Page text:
Nautilus Minerals completes second of three marine mining machines

Employees of Soil Machine Dynamics (SMD) work on a subsea mining machine being built for Nautilus Minerals at Wallsend, northern England April 14, 2014.

Soil Machine Dynamics (SMD) work on one of the subsea mining machine being built for Nautilus Minerals

Henry Lazenby | Mining Weekly

Marine mining projectdeveloper Nautilus Minerals has completed the second of three machines it needs to mine high-grade polymetallic seafloor massive sulphide deposits at 1 600 m below the surface of the Bismarck Sea, offshore Papua New Guinea (PNG).

The TSX-listed pioneer on Friday said UK-based engineering firm Soil Machine Dynamics of Newcastle upon Tyne had completed the mechanical and hydraulic assembly of the second seafloor production tool (SPT), the collecting machine, and systems commissioning had now started.

The collecting machine was the lightest of the three SPTs, weighing 200 t when fully assembled. It was designed to collect material cut from the seafloor by drawing it in as seawater slurry with internal pumps and pushing it through a flexible pipe to the riser and lifting system and onto the support surface vessel.

“Having already completed the assembly of the bulk cutter, we are delighted that the assembly of the collecting machine has now been completed and commissioning has begun. This is an exciting time for the company as we continue with the build of the seafloor production equipment while work has also started toward the build of our production support vessel. We look forward to finalizing the assembly of the third and final SPT, the auxiliary cutter,” Nautilus CEO Mike Johnston said.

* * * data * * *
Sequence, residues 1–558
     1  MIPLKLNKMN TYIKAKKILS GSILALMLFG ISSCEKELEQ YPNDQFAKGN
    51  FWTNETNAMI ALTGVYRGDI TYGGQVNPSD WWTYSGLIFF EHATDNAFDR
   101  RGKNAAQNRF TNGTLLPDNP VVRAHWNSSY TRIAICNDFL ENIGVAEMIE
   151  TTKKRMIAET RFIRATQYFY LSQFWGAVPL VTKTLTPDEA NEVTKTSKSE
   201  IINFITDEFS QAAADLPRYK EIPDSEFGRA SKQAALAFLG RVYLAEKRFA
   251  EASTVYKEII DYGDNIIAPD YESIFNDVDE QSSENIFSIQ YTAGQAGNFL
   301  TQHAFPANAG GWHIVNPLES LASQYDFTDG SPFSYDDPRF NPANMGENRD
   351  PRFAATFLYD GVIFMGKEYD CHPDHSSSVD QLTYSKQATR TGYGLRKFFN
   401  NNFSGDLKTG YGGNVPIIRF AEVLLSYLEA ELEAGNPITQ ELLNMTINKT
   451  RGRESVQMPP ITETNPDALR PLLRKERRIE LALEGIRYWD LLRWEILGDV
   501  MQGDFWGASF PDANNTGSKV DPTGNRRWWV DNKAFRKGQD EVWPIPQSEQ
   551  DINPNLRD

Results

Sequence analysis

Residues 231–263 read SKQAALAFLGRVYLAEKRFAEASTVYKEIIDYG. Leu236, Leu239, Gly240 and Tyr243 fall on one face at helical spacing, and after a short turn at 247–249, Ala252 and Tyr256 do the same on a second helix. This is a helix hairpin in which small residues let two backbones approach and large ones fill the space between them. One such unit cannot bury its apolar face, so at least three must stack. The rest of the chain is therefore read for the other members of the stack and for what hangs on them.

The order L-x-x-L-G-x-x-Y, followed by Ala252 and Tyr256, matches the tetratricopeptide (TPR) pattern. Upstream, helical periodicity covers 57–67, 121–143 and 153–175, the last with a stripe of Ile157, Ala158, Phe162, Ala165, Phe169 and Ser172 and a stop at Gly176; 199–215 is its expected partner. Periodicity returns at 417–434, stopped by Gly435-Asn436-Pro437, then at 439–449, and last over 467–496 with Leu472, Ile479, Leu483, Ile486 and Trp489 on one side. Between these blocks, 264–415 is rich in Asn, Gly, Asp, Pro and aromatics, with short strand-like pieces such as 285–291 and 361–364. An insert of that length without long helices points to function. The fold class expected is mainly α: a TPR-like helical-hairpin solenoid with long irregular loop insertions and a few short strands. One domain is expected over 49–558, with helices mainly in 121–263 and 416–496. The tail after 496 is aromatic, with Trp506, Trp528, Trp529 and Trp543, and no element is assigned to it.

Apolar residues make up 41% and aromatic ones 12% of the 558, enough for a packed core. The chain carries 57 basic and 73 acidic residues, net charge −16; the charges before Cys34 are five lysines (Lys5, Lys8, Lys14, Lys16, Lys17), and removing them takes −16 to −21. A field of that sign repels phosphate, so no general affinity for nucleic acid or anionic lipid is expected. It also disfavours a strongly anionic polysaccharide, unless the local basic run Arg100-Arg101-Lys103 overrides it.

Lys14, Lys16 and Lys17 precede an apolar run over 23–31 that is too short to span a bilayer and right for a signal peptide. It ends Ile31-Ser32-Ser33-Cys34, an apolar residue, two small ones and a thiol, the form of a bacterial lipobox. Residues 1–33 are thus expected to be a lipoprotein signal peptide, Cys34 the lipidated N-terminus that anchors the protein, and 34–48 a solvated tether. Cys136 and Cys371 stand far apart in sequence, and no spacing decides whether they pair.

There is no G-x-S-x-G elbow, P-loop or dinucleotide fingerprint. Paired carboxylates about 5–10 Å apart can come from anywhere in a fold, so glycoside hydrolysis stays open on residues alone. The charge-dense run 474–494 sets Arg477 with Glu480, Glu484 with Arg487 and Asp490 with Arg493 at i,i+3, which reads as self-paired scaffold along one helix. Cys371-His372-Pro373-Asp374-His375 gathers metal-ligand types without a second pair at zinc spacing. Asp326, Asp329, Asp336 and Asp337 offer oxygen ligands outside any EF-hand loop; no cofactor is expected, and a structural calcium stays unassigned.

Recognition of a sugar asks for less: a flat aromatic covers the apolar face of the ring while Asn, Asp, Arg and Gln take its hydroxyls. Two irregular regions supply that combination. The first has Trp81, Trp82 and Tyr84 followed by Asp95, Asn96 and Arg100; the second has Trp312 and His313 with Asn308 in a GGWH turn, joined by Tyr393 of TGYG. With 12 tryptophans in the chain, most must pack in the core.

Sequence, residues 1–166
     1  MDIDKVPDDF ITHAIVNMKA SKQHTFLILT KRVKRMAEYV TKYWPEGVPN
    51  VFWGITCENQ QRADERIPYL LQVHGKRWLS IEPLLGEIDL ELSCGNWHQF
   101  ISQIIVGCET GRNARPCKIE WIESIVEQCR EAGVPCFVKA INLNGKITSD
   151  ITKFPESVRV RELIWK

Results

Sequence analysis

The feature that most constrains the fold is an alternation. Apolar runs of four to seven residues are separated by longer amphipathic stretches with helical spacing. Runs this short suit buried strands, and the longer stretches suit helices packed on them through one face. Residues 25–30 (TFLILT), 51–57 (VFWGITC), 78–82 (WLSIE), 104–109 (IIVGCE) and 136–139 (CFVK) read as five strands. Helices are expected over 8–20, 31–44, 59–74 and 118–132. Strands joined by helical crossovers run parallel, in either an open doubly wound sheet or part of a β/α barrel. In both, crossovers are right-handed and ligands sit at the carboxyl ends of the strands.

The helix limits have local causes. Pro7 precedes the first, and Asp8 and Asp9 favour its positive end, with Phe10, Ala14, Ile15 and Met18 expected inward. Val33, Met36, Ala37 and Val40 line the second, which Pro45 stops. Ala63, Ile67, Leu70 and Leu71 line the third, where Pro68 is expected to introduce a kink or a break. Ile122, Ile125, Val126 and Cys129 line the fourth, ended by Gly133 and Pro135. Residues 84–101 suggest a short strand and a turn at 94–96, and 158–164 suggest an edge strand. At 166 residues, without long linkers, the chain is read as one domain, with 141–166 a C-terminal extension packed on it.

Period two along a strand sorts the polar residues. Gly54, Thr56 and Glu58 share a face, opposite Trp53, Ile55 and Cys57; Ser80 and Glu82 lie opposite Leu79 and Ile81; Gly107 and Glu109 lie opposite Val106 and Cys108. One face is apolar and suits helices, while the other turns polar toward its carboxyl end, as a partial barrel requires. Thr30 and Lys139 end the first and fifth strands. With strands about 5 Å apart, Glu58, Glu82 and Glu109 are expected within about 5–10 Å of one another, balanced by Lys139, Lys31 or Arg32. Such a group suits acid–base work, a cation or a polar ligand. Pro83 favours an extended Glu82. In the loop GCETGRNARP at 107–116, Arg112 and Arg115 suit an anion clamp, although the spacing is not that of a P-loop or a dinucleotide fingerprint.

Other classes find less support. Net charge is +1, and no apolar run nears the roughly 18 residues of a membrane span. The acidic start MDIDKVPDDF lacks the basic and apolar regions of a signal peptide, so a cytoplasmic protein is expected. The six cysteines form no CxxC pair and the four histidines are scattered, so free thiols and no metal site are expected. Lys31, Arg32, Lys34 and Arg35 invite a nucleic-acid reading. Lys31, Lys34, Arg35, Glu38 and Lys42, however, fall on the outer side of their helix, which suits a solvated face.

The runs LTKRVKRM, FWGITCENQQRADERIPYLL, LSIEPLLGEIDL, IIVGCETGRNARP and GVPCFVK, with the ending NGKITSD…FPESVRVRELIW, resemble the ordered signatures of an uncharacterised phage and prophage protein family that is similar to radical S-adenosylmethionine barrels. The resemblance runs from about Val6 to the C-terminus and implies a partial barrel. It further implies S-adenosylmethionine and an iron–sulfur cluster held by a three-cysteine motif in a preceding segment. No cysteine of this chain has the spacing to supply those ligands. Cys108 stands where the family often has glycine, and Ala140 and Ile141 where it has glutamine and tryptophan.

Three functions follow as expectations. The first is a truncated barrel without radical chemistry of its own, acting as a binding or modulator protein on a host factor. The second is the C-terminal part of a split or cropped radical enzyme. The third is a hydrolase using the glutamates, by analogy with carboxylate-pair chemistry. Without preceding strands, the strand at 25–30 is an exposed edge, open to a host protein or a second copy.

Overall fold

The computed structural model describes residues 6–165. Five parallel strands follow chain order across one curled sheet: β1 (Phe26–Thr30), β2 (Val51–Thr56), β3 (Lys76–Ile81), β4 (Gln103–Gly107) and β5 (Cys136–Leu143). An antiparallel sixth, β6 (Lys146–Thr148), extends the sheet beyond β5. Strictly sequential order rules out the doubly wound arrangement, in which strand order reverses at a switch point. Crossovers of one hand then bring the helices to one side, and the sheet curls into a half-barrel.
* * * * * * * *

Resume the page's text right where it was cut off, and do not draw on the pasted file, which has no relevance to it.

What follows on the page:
Nautilus planned to excavate and collect ore in a three-step process that would each be carried out by a different SPT. The auxiliary cutter was designed as the pioneering tool that prepared the rugged seabed for the more powerful bulk cutter.

While these two tools would gather the excavated material; the third, the collecting machine, would collect the cut material by drawing it in as seawater slurry with internal pumps and pushing it through a flexible pipe to the subsea pump and on to the vessel via the riser and lifting system.

The remaining water and rock would be sent back down another pipe nearly all the way back to the ocean floor.

Nautilus last month Nautilus formed a JV company with PNG’s nominee Eda Kopa (Solwara) to mine to develop the Solwara 1 project.

Nautilus had entered into an agreement with Marine Assets Corporation in November to charter a vessel to be deployed at the Solwara 1 project. The JV expected to take delivery of the vessel late in 2017.

 

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Filed under Mine construction, Papua New Guinea

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